The films of Max Ophuls consistently manifest an obsession with what the cinema-as a machine-is capable of doing. The extended, elegant tracking shots, which are his trademark, test the limits of the technology, and his play with image and mise-en-scene testifies to a desire to investigate fully the material basis of the medium. Nevertheless, many of Ophuls's statements belie an ambivalence toward the technology of the cinema and a certain anxiety about its relation to representation: "Technology has reached a stage in our profession where it is a threat to our heart"; or "This industrialization-which I have to keep reminding myself in my profession is the guarantee, the material side of its existence-it does leave so much out of account."· For Ophuls, one of the dangers of technology is the annihilation of difference, of uniqueness; as he puts it, "drama cannot be mass produced.,,2 The processes of mechanical reproduction act both as the ground and condition of his signifying practice and as a limit against which he continually strains. In this respect, Ophuls participates in the widespread ambivalence about technology that is characteristic of much aesthetic activity in the first half of the twentieth century. 3

A second, and quite prominent, aspect of Ophuls' s work is his fascination with the figure of the woman and the vicissitudes of her romantic life. Ophuls, like George Cukor, is known as a "woman's director," undoubtedly because his films manifest a predilection for stories about passionate women and doomed love affairs played out in a bourgeois setting. Claude Beylie refers to Ophuls as "assuredly one of the most subtle portraitists of the woman that the cinema has ever given us.',4 The obsession with the cinema as a technology, a technique, merges in a curious way with the desire to represent and re-represent the woman in an early and seldom discussed film by Ophuls, the 1934 La Signora di tutti.5 La Signora, the only film made by Ophuls in Italy, was commissioned by newspaper owner and aspiring film producer Emilio Rizzoli, who wanted to adapt the heavily melodra-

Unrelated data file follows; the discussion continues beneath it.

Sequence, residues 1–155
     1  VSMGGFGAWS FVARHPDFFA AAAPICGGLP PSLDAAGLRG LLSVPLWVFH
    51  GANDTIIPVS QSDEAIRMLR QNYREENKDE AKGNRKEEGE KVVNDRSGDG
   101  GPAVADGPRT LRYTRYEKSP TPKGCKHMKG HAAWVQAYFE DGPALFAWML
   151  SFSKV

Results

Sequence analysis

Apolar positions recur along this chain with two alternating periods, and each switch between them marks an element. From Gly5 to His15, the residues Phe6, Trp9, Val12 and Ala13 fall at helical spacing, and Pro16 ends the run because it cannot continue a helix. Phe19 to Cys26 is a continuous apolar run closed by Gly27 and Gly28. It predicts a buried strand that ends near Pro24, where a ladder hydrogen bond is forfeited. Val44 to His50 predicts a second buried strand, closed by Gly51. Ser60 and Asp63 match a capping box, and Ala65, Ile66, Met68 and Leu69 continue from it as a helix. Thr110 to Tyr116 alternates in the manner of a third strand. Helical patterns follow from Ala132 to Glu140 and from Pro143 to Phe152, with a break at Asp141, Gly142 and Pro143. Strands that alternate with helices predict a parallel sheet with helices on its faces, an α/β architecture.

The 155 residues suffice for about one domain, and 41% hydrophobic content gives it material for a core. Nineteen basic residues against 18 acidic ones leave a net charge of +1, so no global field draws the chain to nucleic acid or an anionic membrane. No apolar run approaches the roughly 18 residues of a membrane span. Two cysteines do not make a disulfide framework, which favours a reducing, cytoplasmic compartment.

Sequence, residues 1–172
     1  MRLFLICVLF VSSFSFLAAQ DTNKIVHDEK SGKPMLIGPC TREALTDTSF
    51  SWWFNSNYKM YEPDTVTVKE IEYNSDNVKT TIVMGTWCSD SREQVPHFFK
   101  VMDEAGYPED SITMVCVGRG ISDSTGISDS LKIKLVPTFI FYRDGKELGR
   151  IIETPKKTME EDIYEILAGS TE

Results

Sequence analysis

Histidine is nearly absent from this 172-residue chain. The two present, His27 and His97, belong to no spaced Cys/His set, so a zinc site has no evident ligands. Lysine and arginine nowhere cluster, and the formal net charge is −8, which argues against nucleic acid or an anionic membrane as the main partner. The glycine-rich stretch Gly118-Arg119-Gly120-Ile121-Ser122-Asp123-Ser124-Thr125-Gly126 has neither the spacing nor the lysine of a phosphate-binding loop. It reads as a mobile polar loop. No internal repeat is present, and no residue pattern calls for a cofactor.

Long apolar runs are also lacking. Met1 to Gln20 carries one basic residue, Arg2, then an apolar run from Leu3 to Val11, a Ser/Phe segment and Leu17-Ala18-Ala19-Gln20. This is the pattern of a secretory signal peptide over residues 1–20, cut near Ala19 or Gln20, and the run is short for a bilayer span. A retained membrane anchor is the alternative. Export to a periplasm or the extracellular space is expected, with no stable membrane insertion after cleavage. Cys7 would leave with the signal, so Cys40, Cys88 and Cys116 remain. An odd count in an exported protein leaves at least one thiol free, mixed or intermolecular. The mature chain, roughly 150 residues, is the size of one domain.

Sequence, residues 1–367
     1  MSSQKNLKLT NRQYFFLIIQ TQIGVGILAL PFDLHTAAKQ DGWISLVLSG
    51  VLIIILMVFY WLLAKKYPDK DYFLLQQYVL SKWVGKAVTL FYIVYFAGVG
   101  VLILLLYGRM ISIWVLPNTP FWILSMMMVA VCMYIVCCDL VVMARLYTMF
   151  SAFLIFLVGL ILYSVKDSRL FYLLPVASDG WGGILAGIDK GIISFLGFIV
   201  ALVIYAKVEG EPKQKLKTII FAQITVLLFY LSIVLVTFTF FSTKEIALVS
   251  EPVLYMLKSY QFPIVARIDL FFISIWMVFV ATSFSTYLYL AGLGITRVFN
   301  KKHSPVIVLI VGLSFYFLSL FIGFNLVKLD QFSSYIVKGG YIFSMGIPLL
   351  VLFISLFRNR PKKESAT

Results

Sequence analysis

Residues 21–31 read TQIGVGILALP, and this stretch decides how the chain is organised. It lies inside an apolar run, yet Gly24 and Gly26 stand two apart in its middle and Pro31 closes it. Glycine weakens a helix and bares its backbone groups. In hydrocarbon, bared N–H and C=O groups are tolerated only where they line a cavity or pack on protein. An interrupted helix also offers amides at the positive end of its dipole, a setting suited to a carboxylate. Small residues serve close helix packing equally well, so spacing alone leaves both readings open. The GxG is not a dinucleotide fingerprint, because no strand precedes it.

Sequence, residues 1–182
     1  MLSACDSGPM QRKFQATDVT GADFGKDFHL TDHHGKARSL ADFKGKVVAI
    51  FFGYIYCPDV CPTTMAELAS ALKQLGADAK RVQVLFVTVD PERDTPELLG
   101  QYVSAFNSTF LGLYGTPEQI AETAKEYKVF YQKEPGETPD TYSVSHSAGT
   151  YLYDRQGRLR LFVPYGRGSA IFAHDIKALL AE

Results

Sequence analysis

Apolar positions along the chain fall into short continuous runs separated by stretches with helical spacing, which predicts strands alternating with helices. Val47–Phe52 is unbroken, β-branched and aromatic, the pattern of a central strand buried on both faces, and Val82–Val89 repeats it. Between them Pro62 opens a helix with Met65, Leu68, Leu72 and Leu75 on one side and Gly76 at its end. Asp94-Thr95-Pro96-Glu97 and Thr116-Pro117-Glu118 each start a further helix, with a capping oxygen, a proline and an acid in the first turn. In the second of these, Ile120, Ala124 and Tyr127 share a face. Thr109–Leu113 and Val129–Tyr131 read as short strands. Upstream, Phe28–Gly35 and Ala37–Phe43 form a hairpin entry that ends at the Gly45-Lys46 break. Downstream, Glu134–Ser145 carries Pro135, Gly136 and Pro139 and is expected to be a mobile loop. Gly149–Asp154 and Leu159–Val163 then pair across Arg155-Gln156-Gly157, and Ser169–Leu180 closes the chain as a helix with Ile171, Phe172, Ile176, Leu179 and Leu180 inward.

matic novel by Salvator Gotta (serialized in one of Rizzoli's newspapers) for the screen. The title of Gotta's book is linked to an episode narrated within it in which a woman walking by incites a man to think simultaneously of joy and death, causing him to name her "everyone's woman.,,6 An associate of Rizzoli's, Ettore Margadonna, had seen and admired Liebelei (1932) and invited Ophuls, then in exile in Paris, to Italy to direct the film. 7 This invitation was consistent with the Cines studio policy of encouraging international talent to work in Italy and with the corresponqing notion of the "art film. ".La Signora di tutti was a box office success and was awarded a prize as "best technical film" at the Venice Biennial. However, its critical reception was more problematic-film critics responding to it as, in Elaine Mancini's words, a "dangerous sign of decadence in the Italian cinema."g Accusations against the emptiness of technique abound in Ophuls criticism, but the attacks concerning an overemphasis upon technological or formal feats at the expense of "substance" or "ethics" seem to be particularly strong in relation to La Signora. This is somewhat ironic insofar as the film itself produces a discourse on the cinema as a technology-specifically, a technology of temporality.